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db4o in the Mirror of JPA/EJB and Hibernate

When or why should I use an object database?

Simple Queries
Here, many of the popular persistence solutions provide finders and Query-by-Example (QBE). JPA or ActiveRecord in Ruby on Rails provide to find objects, for example, via their primary key. Hibernate, like db4o, provides QBE.

In this case an empty object is instantiated (see Listing 1) and if necessary, some fields are set. The query engine will then return all objects with matching fields. Using an empty object or null in db4o, all objects of the class will be retrieved.

This concept was already developed in the seventies by Moshé M. Zloof (IBM Research) and is presented here in a simpler form.

Standard Queries
Query languages like HQL (Hibernate Query Language) or JPQL (Java Persistence Query Language) provide rich keywords as opposed to db4o's Native Queries (NQ).

db4o's Native Queries have other benefits. NQs are notated directly in the programming language. So - unlike HQL or JPQL strings - they're refactorable and type-safe during runtime. This eliminates many query errors (e.g., typing errors), which normally would only be discovered much later. One corresponding example in C# 2.0 and C# 3.0 is given in Listing 2 and Listing 3.

In more advanced - closure/block-capable - programming languages, anonymous delegates can be used to integrate queries seamlessly into the code. There's no need for the developer to learn a new language. The price here is that many advanced keywords such as aggregations or areas aren't available.

Native queries are never actually executed directly. db4o treats the query as domain-specific language capable of reading it during runtime to translate it into another language (SODA) and execute it afterwards. This is a powerful concept that we'll continue to encounter in dynamic languages like Ruby.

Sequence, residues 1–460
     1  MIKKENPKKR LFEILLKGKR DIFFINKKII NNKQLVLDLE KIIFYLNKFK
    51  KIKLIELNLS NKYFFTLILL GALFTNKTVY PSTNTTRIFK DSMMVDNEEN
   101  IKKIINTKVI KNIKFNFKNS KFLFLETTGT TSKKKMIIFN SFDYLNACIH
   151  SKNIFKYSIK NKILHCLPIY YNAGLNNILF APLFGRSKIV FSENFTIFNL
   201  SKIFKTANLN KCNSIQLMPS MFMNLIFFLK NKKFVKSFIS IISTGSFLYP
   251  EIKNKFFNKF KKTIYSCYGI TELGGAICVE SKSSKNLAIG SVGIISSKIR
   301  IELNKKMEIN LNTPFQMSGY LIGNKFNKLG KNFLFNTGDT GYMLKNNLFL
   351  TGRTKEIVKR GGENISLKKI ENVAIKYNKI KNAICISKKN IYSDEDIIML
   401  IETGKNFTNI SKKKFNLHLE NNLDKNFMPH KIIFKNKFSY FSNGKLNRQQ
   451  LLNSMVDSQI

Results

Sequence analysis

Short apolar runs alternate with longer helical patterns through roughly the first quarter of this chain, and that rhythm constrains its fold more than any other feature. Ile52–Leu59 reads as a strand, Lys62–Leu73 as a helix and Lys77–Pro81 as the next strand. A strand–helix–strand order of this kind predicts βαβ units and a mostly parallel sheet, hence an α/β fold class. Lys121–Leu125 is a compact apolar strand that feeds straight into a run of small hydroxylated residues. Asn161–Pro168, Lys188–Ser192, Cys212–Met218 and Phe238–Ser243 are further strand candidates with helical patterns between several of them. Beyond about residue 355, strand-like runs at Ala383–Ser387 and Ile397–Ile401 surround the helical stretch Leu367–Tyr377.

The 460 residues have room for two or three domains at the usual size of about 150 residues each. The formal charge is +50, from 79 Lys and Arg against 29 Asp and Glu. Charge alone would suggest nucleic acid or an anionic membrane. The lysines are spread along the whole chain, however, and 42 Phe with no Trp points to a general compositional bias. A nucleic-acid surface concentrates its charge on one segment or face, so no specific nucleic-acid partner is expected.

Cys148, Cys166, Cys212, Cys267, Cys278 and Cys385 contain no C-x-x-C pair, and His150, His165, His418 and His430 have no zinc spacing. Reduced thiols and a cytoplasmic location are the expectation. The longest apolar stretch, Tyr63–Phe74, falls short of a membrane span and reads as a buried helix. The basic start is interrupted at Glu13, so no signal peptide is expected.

Only Microsoft's LINQ was able to realize both benefits: A complex query language in the programming language with a high variety of keywords. This undertaking is easier if you have the option of changing the language correspondingly as happened in C# 3.0. Here, in some areas LINQ is still significantly ahead of db4o, JPA/EJB, and Hibernate.

Complex Queries
In Hibernate there's the so-called Criteria API for complex queries. Here object trees are built, constrained, and then executed. Listing 4 shows a manual example where all stored cat-objects are checked. Eventually only the ones starting with Fritz are to be chosen.

SODA, surprisingly enough, is a very similar API that's older than the Hibernate Criteria API. Since it started, SODA was open source and uploaded to sourceforge.net by db4o chief software architect Carl Rosenberger (a member of the EJB 3 JSR expert group) and has evolved through community contributions. Listing 5 shows a SODA Query.

More Comparative Parameters
We'll illustrate below more of db4o's features and compare them to other popular solutions.

Performance
As shown in many reports, db4o can be a very fast but at times fairly slow database system.

A scenario where db4o is strongest is in Seagate's hard disks using single-threaded access in the embedded mode. In most cases db4o is significantly faster than relational database management systems and OR-Mappers.

However, if the application is a Web application with many users triggering multithreaded queries via the application server, db4o can't keep up with relational solutions. In this case relational DBMS can be much faster. The reason for this is in db4o's design, as mentioned in the section about Transactions.

Client/Server & Replication
It's very easy to start db4o in client/server mode. The only difference lies in creating an ObjectContainer that can be set up as a client or a server. This makes db4o an ideal choice for scenarios where the client collects data and sends it to the db4o server.

For these and similar scenarios, db4o provides two replication modes:
1)  Using just a few lines of code, objects can be replicated either uni- or bi-directionally between db4o server instances.